Elderberry Syrup & Fire Cider
Learn how to make some time-honored herbal tonics that have been traditionally used to boost your immune system! Joan Jach, owner and farmer of Old Town Flowers CU, shares her favorite recipes for Elderberry Syrup and Fire Cider.
As a child, I was always outside: building forts, picking flowers, watching animals and communing with Mother Nature's spirit. I try to reclaim that feeling of complete wonder in my art and my products. My work runs a broad line between the cultivated and the wild, the well-planned success and the successful fail, the grit of real and magic of make belive. Whatever you find in my work, I hope it makes you feel full of wonder.
This is Rosemary Gladstar's fire cider recipe and is the one I've been using for years. Fire Cider is the "people's medicine", as Rosemary would say. The name 'Fire Cider' was in litigation for years because a corporation trademarked the name. After a long legal battle, the name Fire Cider was declared generic and can once again be used by folks who have been mkaing this traditional tonic for generations.
- Pour the water into a medium saucepan and add the elderberries, ginger, cinnamon, and cloves.
- Bring to a boil and then cover and reduce to a simmer for about 45 minutes to 1 hour until the liquid has reduced by almost half.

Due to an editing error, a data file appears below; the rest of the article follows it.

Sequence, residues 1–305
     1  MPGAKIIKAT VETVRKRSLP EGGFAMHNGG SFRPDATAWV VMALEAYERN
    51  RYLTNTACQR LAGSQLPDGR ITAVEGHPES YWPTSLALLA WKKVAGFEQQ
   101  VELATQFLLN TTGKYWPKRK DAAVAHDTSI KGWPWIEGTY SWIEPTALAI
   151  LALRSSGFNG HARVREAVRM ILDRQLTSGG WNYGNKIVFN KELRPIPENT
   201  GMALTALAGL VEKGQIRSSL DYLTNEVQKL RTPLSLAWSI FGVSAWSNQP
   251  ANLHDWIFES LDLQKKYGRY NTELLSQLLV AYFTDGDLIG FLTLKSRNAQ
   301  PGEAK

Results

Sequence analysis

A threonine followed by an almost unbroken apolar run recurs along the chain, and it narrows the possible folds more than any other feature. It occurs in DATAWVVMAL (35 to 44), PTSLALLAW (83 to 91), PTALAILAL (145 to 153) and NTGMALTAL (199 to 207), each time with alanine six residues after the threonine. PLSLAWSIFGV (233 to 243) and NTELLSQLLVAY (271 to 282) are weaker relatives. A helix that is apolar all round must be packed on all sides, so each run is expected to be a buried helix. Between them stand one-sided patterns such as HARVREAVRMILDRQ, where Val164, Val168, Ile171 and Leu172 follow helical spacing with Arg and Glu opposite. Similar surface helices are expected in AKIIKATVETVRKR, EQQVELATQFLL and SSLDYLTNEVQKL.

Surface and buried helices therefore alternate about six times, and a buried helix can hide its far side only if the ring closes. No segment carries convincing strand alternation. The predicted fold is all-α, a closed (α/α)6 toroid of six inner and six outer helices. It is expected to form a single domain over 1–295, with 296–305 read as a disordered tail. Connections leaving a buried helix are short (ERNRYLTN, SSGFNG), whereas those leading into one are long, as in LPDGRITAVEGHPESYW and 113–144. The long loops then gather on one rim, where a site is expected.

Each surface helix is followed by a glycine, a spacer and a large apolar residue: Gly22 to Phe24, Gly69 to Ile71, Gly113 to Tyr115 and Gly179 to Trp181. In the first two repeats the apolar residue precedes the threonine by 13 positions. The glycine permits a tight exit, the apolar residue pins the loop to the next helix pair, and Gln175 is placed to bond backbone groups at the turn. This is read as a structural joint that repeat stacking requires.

- Remove from heat and let steep for 1 hour.
- Strain berries and herbs using a funnel overlaid with doubled cheesecloth or undyed cotton muslin bag and squeeze out liquid (careful, liquid will likely still be hot!). Discard used herbs in compost.
- When it is no longer hot, add the honey and stir well.
- When the honey is well mixed into the elderberry mixture, pour the syrup into sterilized glass jars/bottles.
- Store in the fridge and take daily for its immune boosting properties. Some sources recommend taking only during the week and not on the weekends to boost immunity.
- Be sure to add honey in a ratio that is at least half of the total volume of liquid after it has simmered. This amount can change slightly and you want to make sure you have enough preservative (honey) so that your syrup won't spoil. (Example: If you are left with 2 cups of elderberry decoction, you will want to add at least 1 cup of honey).
- If you are using fresh or frozen elderberries, use twice the amount called for in the recipe.
- Doseage: Standard dose is 1/2 teaspoon - 1 teaspoon for kids and 1/2 tablespoon - 1 tablespoon for adults. If the flu does strike, take the normal dose every 2-3 hours instead of once a day for up to 24 hours or until symptoms subside.
- Optional add ins include 1/2 cup dried Reishi mushrooms, 1 tablespoon lemon balm leaves, and 1/2 of a vanilla bean.
- Place herbs in a 32 ounce jar and add enough vinegar to cover by 3 to 4 inches.
- Seal jar with tight-fitting lid.
- Place jar in a warm spot and let sit for 3-4 weeks.
- Shake daily to help the maceration process.
- After 3-4 weeks, strain out herbs, reserving liquid.
- Heat honey on low heat and add to vinegar, to taste. Fire Cider should be hot, spicy, and sweet.
- Pour into sterilized jars/bottles and label.
- Fire Cider will keep for several months unrefrigerated if stored in a cool pantry, but it's best to store in the refrigerator. A small shot glass daily serves as an excellent tonic, or you can take Fire Cider by teaspoons throughout the day if you feel a cold coming on.
- Optional add ins include organic citrus, elderberries, Schisandra berries, and Hibiscus flowers.